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Top Skills used in this Job
Writing - Communicating effectively in writing as appropriate for the needs of the audience.
Speaking - Talking to others to convey information effectively.
Active Listening - Giving full attention to what other people are saying, taking time to understand the points being made, asking questions as appropriate, and not interrupting at inappropriate times.
Reading Comprehension - Understanding written sentences and paragraphs in work related documents.
Speaking - Talking to others to convey information effectively.
Critical Thinking - Using logic and reasoning to identify the strengths and weaknesses of alternative solutions, conclusions or approaches to problems.
Active Listening - Giving full attention to what other people are saying, taking time to understand the points being made, asking questions as appropriate, and not interrupting at inappropriate times.
Reading Comprehension - Understanding written sentences and paragraphs in work related documents.
Science - Using scientific rules and methods to solve problems.
Writing - Communicating effectively in writing as appropriate for the needs of the audience.

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Top Abilities (Attributes of the person that influence performance in this job.)
Oral Comprehension - The ability to listen to and understand information and ideas presented through spoken words and sentences.
Written Comprehension - The ability to read and understand information and ideas presented in writing.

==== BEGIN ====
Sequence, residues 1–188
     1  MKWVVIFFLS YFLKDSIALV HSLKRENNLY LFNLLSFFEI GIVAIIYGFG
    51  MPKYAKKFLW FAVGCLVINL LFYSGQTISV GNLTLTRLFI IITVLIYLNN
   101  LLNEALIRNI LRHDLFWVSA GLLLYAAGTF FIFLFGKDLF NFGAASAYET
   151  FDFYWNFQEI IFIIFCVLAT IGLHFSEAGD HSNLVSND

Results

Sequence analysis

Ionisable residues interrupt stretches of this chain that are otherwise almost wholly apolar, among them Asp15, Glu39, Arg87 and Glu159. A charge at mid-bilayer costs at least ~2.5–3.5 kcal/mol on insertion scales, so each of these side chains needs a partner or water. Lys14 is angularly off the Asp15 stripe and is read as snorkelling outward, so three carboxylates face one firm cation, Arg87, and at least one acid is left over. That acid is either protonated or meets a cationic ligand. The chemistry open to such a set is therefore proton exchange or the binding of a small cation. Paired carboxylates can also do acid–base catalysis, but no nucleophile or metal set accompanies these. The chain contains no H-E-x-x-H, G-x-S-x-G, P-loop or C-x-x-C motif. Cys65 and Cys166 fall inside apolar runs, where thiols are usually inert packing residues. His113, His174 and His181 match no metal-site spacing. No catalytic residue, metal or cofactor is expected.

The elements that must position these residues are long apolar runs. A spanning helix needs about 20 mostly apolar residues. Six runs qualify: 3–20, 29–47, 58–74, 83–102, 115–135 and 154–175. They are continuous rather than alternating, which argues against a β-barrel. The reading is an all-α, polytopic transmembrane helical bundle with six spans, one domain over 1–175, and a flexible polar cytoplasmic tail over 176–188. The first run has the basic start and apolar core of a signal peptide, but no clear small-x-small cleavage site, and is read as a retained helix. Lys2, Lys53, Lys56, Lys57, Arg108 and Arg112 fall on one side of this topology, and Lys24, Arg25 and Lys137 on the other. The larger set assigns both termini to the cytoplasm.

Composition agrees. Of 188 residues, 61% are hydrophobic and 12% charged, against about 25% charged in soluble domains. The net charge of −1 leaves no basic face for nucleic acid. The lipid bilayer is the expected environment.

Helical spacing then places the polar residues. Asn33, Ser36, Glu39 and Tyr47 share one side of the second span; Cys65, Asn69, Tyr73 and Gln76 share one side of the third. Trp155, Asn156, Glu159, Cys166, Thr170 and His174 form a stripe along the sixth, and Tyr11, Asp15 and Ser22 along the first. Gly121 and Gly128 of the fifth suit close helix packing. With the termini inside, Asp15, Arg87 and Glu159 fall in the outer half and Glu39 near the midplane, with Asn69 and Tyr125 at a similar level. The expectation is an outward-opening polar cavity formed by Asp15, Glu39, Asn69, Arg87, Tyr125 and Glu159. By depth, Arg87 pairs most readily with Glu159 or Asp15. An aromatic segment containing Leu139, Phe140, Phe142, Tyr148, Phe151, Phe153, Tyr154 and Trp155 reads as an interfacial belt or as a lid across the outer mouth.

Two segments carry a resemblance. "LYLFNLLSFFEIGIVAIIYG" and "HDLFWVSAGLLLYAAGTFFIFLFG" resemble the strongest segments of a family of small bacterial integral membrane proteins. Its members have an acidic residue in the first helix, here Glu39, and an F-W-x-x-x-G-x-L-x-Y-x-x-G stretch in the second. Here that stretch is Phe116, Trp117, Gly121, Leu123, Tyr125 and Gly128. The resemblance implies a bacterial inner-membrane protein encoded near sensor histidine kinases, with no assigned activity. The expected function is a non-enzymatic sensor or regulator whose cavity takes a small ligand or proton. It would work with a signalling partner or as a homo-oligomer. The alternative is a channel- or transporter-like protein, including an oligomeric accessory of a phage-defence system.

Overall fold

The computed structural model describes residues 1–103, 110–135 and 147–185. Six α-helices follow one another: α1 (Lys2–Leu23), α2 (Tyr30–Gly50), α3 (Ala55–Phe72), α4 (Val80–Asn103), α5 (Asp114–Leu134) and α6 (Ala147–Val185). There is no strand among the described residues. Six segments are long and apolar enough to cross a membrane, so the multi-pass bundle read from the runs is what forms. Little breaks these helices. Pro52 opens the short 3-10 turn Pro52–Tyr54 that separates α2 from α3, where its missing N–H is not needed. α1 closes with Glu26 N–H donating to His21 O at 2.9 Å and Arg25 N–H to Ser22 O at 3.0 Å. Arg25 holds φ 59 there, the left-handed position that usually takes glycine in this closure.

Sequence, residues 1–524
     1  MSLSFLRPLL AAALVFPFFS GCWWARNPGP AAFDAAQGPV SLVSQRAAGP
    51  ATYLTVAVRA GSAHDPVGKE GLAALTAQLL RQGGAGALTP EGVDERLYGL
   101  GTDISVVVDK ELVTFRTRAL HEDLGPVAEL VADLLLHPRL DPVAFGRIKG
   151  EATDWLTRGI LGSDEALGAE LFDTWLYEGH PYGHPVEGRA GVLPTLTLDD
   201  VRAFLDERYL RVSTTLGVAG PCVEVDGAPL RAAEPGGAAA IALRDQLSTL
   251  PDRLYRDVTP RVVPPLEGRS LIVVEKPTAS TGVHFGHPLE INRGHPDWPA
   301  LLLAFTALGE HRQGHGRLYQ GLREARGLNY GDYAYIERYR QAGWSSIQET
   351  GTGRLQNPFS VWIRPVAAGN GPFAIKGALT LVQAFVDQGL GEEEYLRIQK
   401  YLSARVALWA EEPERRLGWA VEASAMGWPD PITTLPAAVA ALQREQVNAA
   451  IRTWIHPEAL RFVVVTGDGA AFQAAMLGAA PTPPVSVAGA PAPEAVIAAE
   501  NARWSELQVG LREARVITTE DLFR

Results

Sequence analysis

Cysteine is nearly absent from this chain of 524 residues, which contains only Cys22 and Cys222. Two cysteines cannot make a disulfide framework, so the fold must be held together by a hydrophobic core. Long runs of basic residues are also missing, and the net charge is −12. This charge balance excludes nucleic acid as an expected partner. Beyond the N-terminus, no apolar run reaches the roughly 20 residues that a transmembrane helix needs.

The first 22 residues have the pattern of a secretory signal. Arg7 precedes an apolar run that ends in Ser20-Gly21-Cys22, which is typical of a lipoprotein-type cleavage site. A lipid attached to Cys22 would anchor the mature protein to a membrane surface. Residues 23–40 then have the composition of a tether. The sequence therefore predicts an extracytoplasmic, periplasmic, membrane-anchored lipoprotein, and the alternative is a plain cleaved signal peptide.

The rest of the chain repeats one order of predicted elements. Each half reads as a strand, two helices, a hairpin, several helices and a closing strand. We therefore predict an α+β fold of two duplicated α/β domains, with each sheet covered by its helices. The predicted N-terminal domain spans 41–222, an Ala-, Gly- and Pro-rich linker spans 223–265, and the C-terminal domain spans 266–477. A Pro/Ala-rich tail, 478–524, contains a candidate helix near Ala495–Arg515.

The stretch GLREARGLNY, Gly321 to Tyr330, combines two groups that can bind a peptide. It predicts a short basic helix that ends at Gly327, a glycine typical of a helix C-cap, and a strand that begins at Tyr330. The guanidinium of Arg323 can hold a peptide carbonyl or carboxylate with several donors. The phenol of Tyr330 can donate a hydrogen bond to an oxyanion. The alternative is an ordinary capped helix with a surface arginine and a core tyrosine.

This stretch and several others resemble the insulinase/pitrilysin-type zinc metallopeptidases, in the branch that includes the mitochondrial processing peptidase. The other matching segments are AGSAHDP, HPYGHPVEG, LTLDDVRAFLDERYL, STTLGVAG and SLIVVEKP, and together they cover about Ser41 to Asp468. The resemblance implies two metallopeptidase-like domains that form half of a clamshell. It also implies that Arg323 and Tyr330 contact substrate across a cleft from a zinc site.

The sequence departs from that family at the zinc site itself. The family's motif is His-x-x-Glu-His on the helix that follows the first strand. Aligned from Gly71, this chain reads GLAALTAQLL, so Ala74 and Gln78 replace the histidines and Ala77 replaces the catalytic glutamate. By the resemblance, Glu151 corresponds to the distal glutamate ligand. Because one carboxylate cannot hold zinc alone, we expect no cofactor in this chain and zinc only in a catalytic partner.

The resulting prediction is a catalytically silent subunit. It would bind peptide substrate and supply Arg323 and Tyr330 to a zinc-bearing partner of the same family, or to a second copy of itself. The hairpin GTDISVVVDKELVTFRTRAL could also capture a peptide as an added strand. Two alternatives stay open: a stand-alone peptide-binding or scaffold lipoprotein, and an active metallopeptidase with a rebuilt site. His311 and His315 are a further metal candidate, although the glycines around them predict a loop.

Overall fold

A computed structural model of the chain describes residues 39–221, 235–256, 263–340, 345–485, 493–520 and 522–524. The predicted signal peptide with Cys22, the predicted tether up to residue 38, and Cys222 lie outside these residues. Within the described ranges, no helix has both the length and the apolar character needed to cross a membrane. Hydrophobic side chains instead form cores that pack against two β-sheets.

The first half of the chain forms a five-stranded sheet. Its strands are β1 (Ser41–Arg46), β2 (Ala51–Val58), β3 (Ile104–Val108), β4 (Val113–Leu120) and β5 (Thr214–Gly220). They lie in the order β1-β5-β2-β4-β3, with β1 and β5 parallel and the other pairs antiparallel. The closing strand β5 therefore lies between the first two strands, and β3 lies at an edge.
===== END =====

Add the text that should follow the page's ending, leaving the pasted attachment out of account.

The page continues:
Oral Expression - The ability to communicate information and ideas in speaking so others will understand.
Written Expression - The ability to communicate information and ideas in writing so others will understand.
Deductive Reasoning - The ability to apply general rules to specific problems to produce answers that make sense.
Inductive Reasoning - The ability to combine pieces of information to form general rules or conclusions (includes finding a relationship among seemingly unrelated events).
Written Comprehension - The ability to read and understand information and ideas presented in writing.
Oral Expression - The ability to communicate information and ideas in speaking so others will understand.
Written Expression - The ability to communicate information and ideas in writing so others will understand.
Oral Comprehension - The ability to listen to and understand information and ideas presented through spoken words and sentences.

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Top Work Values (Aspects of this job that create satisfaction.)
Independence - Occupations that satisfy this work value allow employees to work on their own and make decisions.
Achievement - Occupations that satisfy this work value are results oriented and allow employees to use their strongest abilities, giving them a feeling of accomplishment.

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Top Interests (The types of activities someone in this job would like.)
Investigative - Investigative occupations frequently involve working with ideas, and require an extensive amount of thinking. These occupations can involve searching for facts and figuring out problems mentally.
Artistic - Artistic occupations frequently involve working with forms, designs and patterns. They often require self-expression and the work can be done without following a clear set of rules.